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What Makes an ‘Extreme Learner’?

What Makes an ‘Extreme Learner’?

| July 8, 2014 | 18 Comments

It’s the hunger for learning rather than raw intellect that distinguishes Extreme Learners from the gifted. Intensely motivated and harboring a breadth of interests, they also consider ignorance a temporary and reparable condition.

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What Does It Take To Get Into Harvard? Not What You Might Expect

What Does It Take To Get Into Harvard? Not What You Might Expect

| July 6, 2014 | 0 Comments

With these words of advice to parents, Harvard President Drew Gilpin Faust surprised the Aspen Ideas Festival: “Make your children interesting!” If that’s the trajectory to “success,” it should make parents, teachers, and schools question whether the current system is helping to foster an interesting life for kids. How to Get Into Harvard    

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Putting the World In Their Hands: Augmented Reality in the Classroom

Putting the World In Their Hands: Augmented Reality in the Classroom

| July 4, 2014 | 13 Comments

These days, students can walk into a classroom and use their tablet or smartphone as the AR device to trigger to original content made on movie-making software and posted to YouTube, leading to an immediate and immersive learning experience.

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Games Can Advance Education: A Conversation With James Paul Gee

Games Can Advance Education: A Conversation With James Paul Gee

| July 3, 2014 | 14 Comments

Games and learning champion James Paul Gee discusses literacy, systems thinking, education, socio-economic inequality, and, of course, video games.

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A School Built Entirely Around the Love of Math

A School Built Entirely Around the Love of Math

| July 1, 2014 | 28 Comments

Designers of the new, non-profit Proof School intend to provide mathematically gifted youth an intensive and complete education in grades 6-12 that typical schools can’t muster.

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For Creative Problem-Solving, Why Young Kids Can Outwit College Students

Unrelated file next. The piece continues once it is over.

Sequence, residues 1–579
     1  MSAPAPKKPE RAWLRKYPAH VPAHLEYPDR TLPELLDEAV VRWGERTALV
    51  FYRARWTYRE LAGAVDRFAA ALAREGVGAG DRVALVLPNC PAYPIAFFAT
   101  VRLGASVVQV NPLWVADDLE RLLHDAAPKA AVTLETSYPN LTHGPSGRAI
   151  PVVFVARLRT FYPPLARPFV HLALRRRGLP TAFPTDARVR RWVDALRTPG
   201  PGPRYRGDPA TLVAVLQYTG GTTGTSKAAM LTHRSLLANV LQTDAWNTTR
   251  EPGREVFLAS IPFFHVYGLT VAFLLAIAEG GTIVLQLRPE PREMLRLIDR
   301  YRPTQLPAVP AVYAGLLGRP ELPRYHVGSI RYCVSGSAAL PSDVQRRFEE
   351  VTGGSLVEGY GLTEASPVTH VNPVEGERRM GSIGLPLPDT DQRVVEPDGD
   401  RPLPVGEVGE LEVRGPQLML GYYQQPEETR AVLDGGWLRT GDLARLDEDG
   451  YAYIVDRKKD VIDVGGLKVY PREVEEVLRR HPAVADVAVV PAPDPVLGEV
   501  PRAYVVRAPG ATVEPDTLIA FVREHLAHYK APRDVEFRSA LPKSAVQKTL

For Creative Problem-Solving, Why Young Kids Can Outwit College Students

| June 30, 2014

When researchers asked young children to figure out an experiment using cause and effect, they did a much better job than young adults. That may be because their thinking is more flexible and fluid.

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Can Free Play Prevent Depression and Anxiety In Kids?

Can Free Play Prevent Depression and Anxiety In Kids?

| June 29, 2014 | 48 Comments

The decline in time children have for free play could be tied to increased levels of depression and acute anxiety among young people.

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Is Technology Widening Opportunity Gaps Between Rich And Poor Kids?

Is Technology Widening Opportunity Gaps Between Rich And Poor Kids?

| June 27, 2014 | 13 Comments

The way kids interact with computers and software — and the support they get from adults — is more important to improve learning outcomes than merely having access to the technology, study finds.

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Why It’s Imperative to Teach Empathy to Boys

Why It’s Imperative to Teach Empathy to Boys

| June 25, 2014 | 199 Comments

We need to cultivate empathy in all children, but gender stereotypes — often reinforced in playrooms — risk leaving boys, in particular, with a social deficit.

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Predicting Dyslexia — Even Before Children Learn to Read

Predicting Dyslexia — Even Before Children Learn to Read

| June 24, 2014 | 19 Comments

New research shows it’s possible to pick up some of the signs of dyslexia in the brain even before kids learn to read. And this earlier identification may start to substantially influence how parents, educators and clinicians tackle the disorder.

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